Updated April 16th, 2024 at 20:53 IST

Microsoft-backed IPO breaks rule of 40 at bad time

Founded in 2013, Rubrik is in the business of protecting data, analyzing threats.

Reported by: Jennifer Saba
Microsoft and OpenAI's $100 billion AI Supercomputer Project | Image:Pexels

Rebel. Rubrik is attempting to rewrite the rules of success. The Microsoft-backed cybersecurity firm filed to go public in early April flaunting a useful metric used to determine the success of faster-growing technology firms. The window for initial public offerings is tentatively cracked open, but investors are more discerning. It’s a tough time to buck the norm.

Founded in 2013, Rubrik is in the business of protecting data, analyzing threats, and helping organizations recover from cyberattacks. It counts over 6,100 enterprise customers including Home Depot , Pepsi and Goldman Sachs. And its relationship with Microsoft has been helpful. “Ruby” – its artificial intelligence unit – enlists the $3 trillion tech giant’s help with software.


Much like Microsoft’s model, the company led by Bipul Sinha recently pivoted away from licensing agreements and toward a subscription-based cloud computing business. The change is reflected partly in its top line: Revenue tied to licenses more than halved in the fiscal year ending January 2024, but subscription revenue increased 40% during the same period.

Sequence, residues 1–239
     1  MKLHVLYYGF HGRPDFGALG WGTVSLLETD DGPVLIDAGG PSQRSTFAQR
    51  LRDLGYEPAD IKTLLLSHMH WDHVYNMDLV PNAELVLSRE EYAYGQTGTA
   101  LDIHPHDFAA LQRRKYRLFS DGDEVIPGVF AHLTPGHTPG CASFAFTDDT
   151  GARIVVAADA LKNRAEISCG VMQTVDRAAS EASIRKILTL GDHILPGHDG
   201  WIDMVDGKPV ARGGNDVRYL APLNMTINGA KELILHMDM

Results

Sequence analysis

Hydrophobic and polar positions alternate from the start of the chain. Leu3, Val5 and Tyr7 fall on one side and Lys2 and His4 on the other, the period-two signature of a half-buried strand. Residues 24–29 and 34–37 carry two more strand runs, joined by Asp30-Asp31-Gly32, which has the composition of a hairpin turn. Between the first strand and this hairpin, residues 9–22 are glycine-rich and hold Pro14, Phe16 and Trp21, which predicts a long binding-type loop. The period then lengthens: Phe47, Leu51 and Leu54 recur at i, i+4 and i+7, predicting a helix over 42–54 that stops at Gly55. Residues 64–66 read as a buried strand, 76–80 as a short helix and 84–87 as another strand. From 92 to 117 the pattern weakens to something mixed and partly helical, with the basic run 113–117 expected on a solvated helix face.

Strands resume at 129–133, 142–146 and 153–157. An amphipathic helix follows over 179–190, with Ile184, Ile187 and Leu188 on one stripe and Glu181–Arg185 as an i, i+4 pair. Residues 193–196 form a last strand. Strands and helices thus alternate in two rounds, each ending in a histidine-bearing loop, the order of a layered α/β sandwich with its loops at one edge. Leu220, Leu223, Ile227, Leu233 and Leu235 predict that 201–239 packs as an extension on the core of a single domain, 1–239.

Nonetheless, Rubrik is part of the software as a services (SaaS) club, a group that largely adheres to the Rule of 40. The metric combines a company’s revenue growth rate plus its free cash flow as a percentage of sales. If the two add up to more than 40, it’s a good indicator that a high valuation is warranted. In a study by McKinsey that analyzed SaaS companies, those that matched or exceeded the rule had enterprises that were worth 22 times sales, or roughly three times the multiple of those companies that didn’t. If Rubrick justified the higher valuation, it would be worth $14 billion, more than triple what it was valued at when Microsoft paid for a stake in 2021, according to Bloomberg.


Yet it is nowhere near the Rule of 40. Overall revenue increased just 5% for the year ending January 2024. Rubrik’s cash burn has increased, from negative $15 million in fiscal 2023 to negative $24 million for the most recent year. Losses are widening.

Meanwhile, investors are tightening their standards. In 2021, the median SaaS company that went public fell short of the Rule of 40 with a score of 36, according to data from investment firm Iconiq. Almost 80% of those companies are now trading below their IPO price. On McKinsey’s average multiple of 8 times sales for those companies whose growth and free cash flow fall short, Rubrik’s enterprise value based on last year’s revenue would be $5 billion. That is approximately the valuation the Palo Alto, California-based company is aiming for, according to an updated U.S. regulatory filing on Tuesday. With shareholders more focused on the earnings it lacks, Rubrik is right to lower its value expectations.


Published April 16th, 2024 at 20:53 IST